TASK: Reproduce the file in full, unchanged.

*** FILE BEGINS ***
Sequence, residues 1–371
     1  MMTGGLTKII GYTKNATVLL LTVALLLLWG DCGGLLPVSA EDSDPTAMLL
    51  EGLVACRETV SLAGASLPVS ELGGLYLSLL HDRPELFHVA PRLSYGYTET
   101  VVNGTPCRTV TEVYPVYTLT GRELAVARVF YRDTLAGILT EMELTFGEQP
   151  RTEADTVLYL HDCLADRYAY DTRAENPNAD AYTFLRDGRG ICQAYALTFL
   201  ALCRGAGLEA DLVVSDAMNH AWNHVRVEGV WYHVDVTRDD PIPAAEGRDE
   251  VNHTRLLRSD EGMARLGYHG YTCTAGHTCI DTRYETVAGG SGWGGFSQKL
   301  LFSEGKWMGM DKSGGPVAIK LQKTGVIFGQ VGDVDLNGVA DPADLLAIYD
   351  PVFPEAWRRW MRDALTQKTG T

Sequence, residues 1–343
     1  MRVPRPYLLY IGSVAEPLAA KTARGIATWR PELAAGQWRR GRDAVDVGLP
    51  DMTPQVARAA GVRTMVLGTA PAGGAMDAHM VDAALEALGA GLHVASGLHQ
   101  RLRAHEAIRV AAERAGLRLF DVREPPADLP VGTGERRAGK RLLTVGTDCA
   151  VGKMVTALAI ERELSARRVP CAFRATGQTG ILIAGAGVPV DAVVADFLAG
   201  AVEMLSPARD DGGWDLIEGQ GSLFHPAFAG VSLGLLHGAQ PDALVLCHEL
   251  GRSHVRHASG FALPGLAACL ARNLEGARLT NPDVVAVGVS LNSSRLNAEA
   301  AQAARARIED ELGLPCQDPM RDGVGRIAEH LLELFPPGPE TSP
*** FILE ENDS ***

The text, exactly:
Sequence, residues 1–371
     1  MMTGGLTKII GYTKNATVLL LTVALLLLWG DCGGLLPVSA EDSDPTAMLL
    51  EGLVACRETV SLAGASLPVS ELGGLYLSLL HDRPELFHVA PRLSYGYTET
   101  VVNGTPCRTV TEVYPVYTLT GRELAVARVF YRDTLAGILT EMELTFGEQP
   151  RTEADTVLYL HDCLADRYAY DTRAENPNAD AYTFLRDGRG ICQAYALTFL
   201  ALCRGAGLEA DLVVSDAMNH AWNHVRVEGV WYHVDVTRDD PIPAAEGRDE
   251  VNHTRLLRSD EGMARLGYHG YTCTAGHTCI DTRYETVAGG SGWGGFSQKL
   301  LFSEGKWMGM DKSGGPVAIK LQKTGVIFGQ VGDVDLNGVA DPADLLAIYD
   351  PVFPEAWRRW MRDALTQKTG T

Sequence, residues 1–343
     1  MRVPRPYLLY IGSVAEPLAA KTARGIATWR PELAAGQWRR GRDAVDVGLP
    51  DMTPQVARAA GVRTMVLGTA PAGGAMDAHM VDAALEALGA GLHVASGLHQ
   101  RLRAHEAIRV AAERAGLRLF DVREPPADLP VGTGERRAGK RLLTVGTDCA
   151  VGKMVTALAI ERELSARRVP CAFRATGQTG ILIAGAGVPV DAVVADFLAG
   201  AVEMLSPARD DGGWDLIEGQ GSLFHPAFAG VSLGLLHGAQ PDALVLCHEL
   251  GRSHVRHASG FALPGLAACL ARNLEGARLT NPDVVAVGVS LNSSRLNAEA
   301  AQAARARIED ELGLPCQDPM RDGVGRIAEH LLELFPPGPE TSP